In terms of her own reading, my daughter is reading The Miraculous Journey of Edward Tulane by Kate DiCamillo for school. She's nearly finished and has so far cried twice over it. At home she's reading Dumpling Days by Grace Lin. Her school library book is Surprise Island: A Boxcar Children Mystery by Gertrude Chandler Warner. She's also enjoyed the first Surfside Girls graphic novel by Kim Dwinell. I picked up a couple of other new graphic novels for her upcoming winter school break, but she doesn't know about those yet. 

Thanks for reading, and for growing bookworms! 

© 2019 by Jennifer Robinson of Jen Robinson's Book Page. All rights reserved. You can also follow me @JensBookPage

The Orchid and the Dandelion: W. Thomas Boyce, M.D.

Book: The Orchid and the Dandelion: Why Some Children Struggle and How All Can Thrive
Author: W. Thomas Boyce, M.D.
Pages: 304
Age Range: Adult nonfiction, especially relevant for parents and teachers

OrchidAndDandelionI found The Orchid and the Dandelion, by W. Thomas Boyce, to be an informative read. The premise of this adult nonfiction title is that there’s a normal distribution of kids in terms of sensitivity / reactivity to their environment. Boyce, a longtime researcher and professor of pediatrics and psychiatry, classifies the 20% who are most reactive as orchids and the rest as dandelions. His research, and that of others, suggests that the dandelions are relatively impervious to things that happen to them. They can thrive good or bad situations. They are resilient. They bounce back. The orchids on the other hand, can do extremely well when nurtured properly. They are “unusually vital, creative, and successful within supportive, nurturing environments.” But in the presence of adversity, they tend to do poorly. They get sick more often (especially respiratory illnesses) and can veer towards mental illness, anxiety, addiction, and other negative behaviors.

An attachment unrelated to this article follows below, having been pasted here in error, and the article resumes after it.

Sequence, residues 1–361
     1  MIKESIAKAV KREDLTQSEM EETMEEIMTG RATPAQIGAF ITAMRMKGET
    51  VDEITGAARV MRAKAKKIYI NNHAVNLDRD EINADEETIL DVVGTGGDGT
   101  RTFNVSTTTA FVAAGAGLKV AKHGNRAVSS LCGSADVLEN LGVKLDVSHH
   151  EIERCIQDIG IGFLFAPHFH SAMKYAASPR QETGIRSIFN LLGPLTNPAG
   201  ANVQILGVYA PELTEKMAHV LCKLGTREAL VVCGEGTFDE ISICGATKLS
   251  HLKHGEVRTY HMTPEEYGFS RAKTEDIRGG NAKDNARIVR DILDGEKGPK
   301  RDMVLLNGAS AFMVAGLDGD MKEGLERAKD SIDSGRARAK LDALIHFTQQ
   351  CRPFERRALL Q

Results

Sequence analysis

It’s not completely clear what causes orchids, but Boyce thinks there’s a strong genetic component and that it was selected for in evolution. The orchids were early warning systems when things were bad, and then high-achievers when things were stable, and both aspects were thus beneficial. He also thinks that there’s a strong epigenetic component – that how people genes end up expressing as orchids is affected by their environments, from natal to childhood. Boyce identifies the orchids primarily by testing kids’ stress responses (fight-or-flight and cortisol responses to challenges).

I found this book fascinating. It’s a challenging read, covering a lot of science, and definitely requires a high level of concentration from the reader. Boyce helps make it more accessible, however, by sharing his personal story of his orchid sister who failed to thrive and eventually committed suicide. He also shares lots of examples of actual (names changed) kids who he has treated, studied, or known over the years. Finally, he includes incisive little biographies of the people he works with over the years that humanize what could have been a dry recounting of research. Here's one example: “Growing up, he had been a rebellious, recalcitrant, and generally annoying adolescent, forever in trouble by virtue of his impulsivity and an intellect that well outstripped his school’s and family’s capacities for containing and challenging it.” (Page 108 of the ARC)

I did have a couple of issues with the book: